chapter  9
18 Pages

Principled principals in the founding moments of the rule-of-law

ByMARGARET LEVI, BRAD EPPERLY

Institutionally, the rule-of-law consists of the laws that protect personal security and private property and the means for monitoring and enforcing obedience with those laws. When coercion is the only or even primary means to achieve compliance, laws may exist but not the rule-of-law. The rule-of-law requires legitimacy, at least if legitimacy means reasoned deference to authority (Tyler 2006; Levi et al. forthcoming). When legitimacy exists, rule-of-law can create a virtuous circle of increasing levels of voluntary compliance (Levi and Sacks 2007). The expectation that others, including government officials and elites, should obey the law, followed by the observation that they are indeed obeying the law, increases the willingness of the populous to comply. Wide-scale compliance with the law then enhances the ability of government to provide law and other public goods that rule-of-law facilitates. Rule-of-law institutions are only effective to the extent that the general public believes in the value of being lawabiding and that the powerful of the society believe they, too, are subject to the law. If officeholders and the privileged act as if they are above the law, the rule-of-law becomes fragile or non-existent. And the virtuous circle is ruptured. There is good reason to believe that rule-of-law enhances the processes of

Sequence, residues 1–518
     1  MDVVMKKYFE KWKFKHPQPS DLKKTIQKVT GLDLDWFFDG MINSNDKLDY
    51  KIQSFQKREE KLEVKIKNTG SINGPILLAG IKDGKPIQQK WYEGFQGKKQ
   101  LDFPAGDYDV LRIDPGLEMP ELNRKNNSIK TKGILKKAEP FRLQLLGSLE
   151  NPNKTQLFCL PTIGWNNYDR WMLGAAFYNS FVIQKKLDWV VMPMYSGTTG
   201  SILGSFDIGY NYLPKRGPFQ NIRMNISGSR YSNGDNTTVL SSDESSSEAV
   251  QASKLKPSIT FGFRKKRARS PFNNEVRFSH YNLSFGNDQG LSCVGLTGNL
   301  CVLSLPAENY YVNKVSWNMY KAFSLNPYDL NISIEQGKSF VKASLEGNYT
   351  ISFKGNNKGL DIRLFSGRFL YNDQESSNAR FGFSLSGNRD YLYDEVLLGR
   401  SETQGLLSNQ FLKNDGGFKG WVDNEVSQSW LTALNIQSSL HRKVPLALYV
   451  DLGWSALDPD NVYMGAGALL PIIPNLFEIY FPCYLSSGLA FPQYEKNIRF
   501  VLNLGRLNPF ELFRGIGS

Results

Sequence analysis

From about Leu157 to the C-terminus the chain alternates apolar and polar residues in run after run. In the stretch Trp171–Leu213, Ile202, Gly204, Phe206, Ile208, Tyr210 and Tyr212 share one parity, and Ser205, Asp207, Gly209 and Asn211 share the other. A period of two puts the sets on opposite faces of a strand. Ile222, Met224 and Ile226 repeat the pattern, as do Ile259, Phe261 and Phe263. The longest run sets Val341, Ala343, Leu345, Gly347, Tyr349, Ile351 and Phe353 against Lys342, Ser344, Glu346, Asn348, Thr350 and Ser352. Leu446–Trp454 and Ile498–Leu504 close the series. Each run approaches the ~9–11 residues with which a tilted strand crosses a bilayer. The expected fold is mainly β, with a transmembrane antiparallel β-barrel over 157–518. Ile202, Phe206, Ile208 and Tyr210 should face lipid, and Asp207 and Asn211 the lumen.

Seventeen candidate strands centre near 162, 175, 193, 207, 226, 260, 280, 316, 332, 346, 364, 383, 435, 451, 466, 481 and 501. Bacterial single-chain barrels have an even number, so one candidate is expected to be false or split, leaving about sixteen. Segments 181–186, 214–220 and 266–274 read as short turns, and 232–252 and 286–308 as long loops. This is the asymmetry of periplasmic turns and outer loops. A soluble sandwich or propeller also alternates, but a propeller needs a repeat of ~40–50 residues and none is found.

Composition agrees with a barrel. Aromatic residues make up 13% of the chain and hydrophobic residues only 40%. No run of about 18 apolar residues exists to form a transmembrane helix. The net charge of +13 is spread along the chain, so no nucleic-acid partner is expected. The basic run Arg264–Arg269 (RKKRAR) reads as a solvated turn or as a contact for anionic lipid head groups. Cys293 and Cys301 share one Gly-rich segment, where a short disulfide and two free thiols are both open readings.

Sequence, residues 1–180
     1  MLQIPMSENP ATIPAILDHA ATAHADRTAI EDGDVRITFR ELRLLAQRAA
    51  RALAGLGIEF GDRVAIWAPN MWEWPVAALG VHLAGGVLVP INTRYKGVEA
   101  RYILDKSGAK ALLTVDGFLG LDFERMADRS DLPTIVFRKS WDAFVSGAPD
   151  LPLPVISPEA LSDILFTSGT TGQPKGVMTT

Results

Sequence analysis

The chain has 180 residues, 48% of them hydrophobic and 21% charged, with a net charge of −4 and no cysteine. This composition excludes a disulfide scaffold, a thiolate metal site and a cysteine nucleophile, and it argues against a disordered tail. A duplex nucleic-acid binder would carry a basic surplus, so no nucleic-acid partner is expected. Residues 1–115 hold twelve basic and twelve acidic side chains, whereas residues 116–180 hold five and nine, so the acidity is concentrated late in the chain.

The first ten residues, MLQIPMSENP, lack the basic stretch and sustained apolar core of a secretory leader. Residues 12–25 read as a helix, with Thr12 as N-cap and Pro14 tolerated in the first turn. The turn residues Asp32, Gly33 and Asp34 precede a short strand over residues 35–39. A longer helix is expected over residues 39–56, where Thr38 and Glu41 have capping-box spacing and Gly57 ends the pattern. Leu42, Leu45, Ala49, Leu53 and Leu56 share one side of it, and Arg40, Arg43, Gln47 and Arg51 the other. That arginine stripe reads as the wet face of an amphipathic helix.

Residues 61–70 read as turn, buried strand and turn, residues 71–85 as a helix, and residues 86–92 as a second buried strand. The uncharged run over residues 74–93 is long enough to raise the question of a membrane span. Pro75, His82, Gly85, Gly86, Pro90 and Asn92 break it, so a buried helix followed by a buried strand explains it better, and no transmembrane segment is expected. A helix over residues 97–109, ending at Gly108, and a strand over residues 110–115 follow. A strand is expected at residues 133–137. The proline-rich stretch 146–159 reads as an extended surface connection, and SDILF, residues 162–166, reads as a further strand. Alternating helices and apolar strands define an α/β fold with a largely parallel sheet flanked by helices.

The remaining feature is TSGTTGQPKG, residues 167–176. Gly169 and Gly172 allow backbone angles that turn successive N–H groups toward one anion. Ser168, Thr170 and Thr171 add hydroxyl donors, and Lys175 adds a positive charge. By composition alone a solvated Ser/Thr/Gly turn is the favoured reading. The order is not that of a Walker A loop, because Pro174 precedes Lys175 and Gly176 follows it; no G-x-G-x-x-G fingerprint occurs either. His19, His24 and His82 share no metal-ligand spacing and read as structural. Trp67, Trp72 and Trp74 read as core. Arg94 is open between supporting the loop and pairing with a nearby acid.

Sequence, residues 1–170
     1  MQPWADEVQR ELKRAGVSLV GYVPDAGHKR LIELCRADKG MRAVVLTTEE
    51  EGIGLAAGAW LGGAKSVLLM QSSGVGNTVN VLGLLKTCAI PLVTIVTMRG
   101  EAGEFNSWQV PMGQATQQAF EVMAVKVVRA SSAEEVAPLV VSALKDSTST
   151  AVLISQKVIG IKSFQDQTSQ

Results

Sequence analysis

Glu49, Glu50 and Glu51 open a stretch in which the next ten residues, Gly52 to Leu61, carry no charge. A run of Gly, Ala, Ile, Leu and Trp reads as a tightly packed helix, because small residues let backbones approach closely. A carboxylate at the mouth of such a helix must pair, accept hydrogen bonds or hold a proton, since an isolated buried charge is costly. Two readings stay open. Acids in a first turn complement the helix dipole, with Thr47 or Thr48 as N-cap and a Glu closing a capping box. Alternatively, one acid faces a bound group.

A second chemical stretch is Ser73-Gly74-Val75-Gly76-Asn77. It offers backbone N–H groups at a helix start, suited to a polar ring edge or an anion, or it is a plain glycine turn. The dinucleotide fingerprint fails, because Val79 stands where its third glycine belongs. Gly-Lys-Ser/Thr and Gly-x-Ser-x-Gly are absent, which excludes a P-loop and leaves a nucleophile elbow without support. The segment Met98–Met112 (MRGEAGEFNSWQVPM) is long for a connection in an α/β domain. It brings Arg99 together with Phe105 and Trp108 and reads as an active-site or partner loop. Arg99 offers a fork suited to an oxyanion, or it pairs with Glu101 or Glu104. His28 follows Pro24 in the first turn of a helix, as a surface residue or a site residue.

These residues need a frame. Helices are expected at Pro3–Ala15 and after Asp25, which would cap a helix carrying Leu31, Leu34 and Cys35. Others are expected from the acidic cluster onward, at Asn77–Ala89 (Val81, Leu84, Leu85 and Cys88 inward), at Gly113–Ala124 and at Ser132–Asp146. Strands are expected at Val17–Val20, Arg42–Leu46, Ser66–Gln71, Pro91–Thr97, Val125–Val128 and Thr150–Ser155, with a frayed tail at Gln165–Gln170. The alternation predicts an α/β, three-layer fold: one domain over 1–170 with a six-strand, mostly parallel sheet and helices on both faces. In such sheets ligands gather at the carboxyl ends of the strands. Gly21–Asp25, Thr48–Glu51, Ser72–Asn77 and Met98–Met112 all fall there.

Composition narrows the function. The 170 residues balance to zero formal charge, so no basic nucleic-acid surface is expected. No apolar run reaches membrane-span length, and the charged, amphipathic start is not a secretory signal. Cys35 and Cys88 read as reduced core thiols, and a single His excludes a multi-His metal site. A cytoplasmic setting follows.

both democratization and economic development, as other research and other chapter in this volume attest. Social scientists and policymakers are fairly confident that the rule-of-law is essential to effective state building but are considerably less certain about how to bring it about (Economist 2008). We suggest there are three factors that need to come together for the establishment of rule-of-law and its maintenance. The first is the right kind of leadership. Leaders able to establish rule-of-law

institutions are those capable of obtaining the cooperation of elites and administrators who might prefer to free ride through defection, opposition, or theft. They must also be able to convince state agents and members of the polity that they are in a situation where corruption is unacceptable and laws likely to be upheld. Key to such leadership is the development of an organizational culture based upon leaders’ credible commitments to principles that they will uphold even in unforeseen contingencies and even when it is against their personal interest to do so.